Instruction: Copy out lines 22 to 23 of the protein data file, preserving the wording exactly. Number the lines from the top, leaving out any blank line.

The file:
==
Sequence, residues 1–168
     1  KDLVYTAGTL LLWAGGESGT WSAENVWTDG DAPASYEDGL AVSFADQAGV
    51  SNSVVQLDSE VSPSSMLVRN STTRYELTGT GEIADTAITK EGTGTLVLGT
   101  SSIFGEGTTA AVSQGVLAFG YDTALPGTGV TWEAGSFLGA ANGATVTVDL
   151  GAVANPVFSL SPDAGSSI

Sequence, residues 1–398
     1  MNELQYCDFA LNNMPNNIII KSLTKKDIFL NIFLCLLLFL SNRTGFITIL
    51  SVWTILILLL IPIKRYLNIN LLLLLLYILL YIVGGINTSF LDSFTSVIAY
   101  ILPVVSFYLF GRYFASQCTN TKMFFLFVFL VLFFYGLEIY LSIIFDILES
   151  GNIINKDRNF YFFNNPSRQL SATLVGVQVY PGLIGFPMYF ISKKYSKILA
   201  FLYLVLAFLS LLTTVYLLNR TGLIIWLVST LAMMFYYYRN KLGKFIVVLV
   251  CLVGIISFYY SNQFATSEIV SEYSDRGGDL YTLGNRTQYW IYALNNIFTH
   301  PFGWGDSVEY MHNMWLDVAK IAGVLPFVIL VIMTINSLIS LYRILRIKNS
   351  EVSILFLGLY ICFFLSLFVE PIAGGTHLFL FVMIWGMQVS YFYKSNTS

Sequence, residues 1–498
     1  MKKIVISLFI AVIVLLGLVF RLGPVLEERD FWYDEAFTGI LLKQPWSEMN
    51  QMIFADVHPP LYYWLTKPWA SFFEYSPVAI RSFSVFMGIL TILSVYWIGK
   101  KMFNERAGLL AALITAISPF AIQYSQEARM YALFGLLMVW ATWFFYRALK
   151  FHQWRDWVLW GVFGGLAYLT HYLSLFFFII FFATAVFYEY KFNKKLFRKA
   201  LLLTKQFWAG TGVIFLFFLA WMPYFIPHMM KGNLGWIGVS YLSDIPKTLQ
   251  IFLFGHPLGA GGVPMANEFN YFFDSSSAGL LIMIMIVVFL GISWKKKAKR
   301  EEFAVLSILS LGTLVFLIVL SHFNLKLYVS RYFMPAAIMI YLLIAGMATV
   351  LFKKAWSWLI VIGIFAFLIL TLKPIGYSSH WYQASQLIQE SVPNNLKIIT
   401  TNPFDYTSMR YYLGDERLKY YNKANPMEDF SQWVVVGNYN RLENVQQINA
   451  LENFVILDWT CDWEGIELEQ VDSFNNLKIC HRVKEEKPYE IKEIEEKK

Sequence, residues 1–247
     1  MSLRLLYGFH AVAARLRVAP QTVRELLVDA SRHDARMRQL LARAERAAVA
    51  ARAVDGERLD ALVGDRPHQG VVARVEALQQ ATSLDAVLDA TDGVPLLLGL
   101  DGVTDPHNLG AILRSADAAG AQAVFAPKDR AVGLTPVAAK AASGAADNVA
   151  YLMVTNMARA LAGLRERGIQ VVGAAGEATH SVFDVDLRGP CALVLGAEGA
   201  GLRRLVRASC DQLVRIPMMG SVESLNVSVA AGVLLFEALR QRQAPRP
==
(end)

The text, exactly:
   301  EEFAVLSILS LGTLVFLIVL SHFNLKLYVS RYFMPAAIMI YLLIAGMATV
   351  LFKKAWSWLI VIGIFAFLIL TLKPIGYSSH WYQASQLIQE SVPNNLKIIT